Nate Klema and Ben Luck during shuttle while on their paddling trip in Peru. Photo courtesy CKS blog and Matthew Klema

Nate Klema and Ben Luck during shuttle while on their paddling trip in Peru. Photo courtesy CKS blog and Matthew Klema

At this point, the crew members had sent a second distress signal, updating their position. They had moved only six miles in the previous 24 hours, slowly retracing their steps back through the pass. The pace, slow for such a fit and experienced team, suggested at least one of the members was injured or ill. In fact, the kayakers were carrying Luck down the mountain, though the families had no way of knowing that. They knew only that their sons were in danger, and that they were running out of options.

“This whole incident has been fraught with confusion,” said Ken Lambla. “As an architect, I live in an arts and design world; I am perfectly comfortable living with ambiguity until it affects a life.”

Lambla received scores of emails and phone calls as paddlers, adventurers and would-be Samaritans offered help regarding rescue options, geographical information and government contacts. Any information that Lambla thought was useful he forwarded on to GEOS.

“Using social media to spread information like this is tricky,” said the GEOS official handling the case, who asked not to be identified. “There’s so much widespread false information, and one has to be real careful in what they choose to use for a rescue situation.”

One of those who did help is Middy Tilghman, an expedition kayaker who also helped found an adventure camp for Tajik youth. Tilghman didn’t see the appeal on Facebook, but others who did began calling him soon after the post went viral. He was familiar with the geography of the region and felt the five kayakers had only one logical escape route. He placed a call to GEOS.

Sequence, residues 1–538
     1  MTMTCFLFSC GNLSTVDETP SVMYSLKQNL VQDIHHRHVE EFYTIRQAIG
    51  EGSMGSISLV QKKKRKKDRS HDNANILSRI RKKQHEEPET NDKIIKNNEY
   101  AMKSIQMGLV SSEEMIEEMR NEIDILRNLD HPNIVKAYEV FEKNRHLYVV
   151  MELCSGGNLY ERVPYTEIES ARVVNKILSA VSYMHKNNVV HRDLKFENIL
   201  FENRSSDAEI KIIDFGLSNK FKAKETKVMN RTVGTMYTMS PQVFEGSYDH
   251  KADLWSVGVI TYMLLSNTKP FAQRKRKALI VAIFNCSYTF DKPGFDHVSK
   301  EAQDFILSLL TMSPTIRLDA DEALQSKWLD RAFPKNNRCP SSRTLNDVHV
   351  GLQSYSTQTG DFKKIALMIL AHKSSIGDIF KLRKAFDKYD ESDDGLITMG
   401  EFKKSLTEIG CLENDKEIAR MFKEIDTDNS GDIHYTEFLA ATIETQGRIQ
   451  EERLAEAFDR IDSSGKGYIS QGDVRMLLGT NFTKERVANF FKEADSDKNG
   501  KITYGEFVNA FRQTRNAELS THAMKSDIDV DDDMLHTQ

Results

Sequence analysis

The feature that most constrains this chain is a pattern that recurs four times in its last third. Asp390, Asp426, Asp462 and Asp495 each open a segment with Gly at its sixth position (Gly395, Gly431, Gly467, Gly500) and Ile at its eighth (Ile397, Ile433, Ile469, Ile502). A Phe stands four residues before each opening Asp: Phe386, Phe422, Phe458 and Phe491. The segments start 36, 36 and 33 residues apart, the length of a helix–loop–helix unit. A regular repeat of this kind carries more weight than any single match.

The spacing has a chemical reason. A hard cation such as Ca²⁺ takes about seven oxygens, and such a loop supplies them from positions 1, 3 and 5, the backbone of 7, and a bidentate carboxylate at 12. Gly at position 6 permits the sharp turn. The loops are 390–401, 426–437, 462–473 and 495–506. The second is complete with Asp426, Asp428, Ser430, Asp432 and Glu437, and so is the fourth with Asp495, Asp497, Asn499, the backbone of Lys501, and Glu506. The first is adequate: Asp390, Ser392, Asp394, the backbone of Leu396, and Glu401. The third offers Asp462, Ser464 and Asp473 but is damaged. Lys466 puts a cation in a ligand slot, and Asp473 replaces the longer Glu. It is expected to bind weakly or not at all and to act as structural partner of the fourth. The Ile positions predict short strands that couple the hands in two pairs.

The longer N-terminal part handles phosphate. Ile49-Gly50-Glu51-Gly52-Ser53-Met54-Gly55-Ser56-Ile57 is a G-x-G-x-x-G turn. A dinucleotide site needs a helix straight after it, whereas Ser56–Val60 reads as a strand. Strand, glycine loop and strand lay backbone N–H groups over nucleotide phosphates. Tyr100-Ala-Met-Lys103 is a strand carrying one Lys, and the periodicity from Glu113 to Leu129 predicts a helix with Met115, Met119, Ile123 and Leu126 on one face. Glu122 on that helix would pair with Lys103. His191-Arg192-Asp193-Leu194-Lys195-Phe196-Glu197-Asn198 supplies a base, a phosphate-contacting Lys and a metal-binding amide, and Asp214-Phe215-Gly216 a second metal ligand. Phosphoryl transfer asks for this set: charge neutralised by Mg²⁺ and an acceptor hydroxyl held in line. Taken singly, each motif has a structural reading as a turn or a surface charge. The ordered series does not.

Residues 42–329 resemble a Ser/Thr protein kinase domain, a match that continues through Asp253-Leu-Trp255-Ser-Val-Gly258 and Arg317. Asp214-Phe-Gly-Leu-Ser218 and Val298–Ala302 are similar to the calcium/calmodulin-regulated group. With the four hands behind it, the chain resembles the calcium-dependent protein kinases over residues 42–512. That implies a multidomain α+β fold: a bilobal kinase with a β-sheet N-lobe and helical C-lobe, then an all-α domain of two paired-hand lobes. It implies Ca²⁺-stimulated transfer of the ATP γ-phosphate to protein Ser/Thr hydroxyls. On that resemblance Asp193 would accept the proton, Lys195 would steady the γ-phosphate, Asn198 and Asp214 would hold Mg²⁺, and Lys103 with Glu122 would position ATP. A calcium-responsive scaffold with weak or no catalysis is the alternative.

“He just called me and said ‘Get on Google Earth. I’m going to walk you through the terrain,’” said the GEOS official. The kayakers had only two viable options to get out of the valley: Kayak the river or retrace their steps through the pass. With an injured member, which at this point everyone involved assumed was the case, kayaking was not an option.

Once over the pass, the kayakers could head west through a tight valley. That route, however, would make the team more difficult to spot from the air. Tilghman thought the men were too experienced and knowledgeable to do that.

“Tilghman said their only remaining option was to go east,” the GEOS official said. “He was dead on.”

The situation was a unique example of how engaging an entire community through social networks worked. “When it comes down to it, any information is better than none,” said the GEOS official.

On Thursday, Oct. 2, a Russian-built MI-8 helicopter located the kayakers and carried Luck to a hospital in Dushanbe, the capital of Tajikistan. Even after Luck’s successful evacuation, confusion continued to reign. The Russian news agency Ria Novosty reported on its English-language site that “one of the kayakers had a broken leg,” and that all five had returned to Dushanbe. This information was quickly repeated on the websites of magazines and newspapers in the United States.

In fact, Luck had no injuries other than pulmonary edema. And the others didn’t take a helicopter ride back to Dushanbe; they climbed back over the pass, retrieved their boats and began running the Musku. They expect to arrive in Dushanbe before the weekend. From there, they plan to fly to Nepal to begin the next leg of their journey. “They have their adventures, that’s for sure,” said Ken Lambla. The team expects to finish their Asian expedition sometime in early December.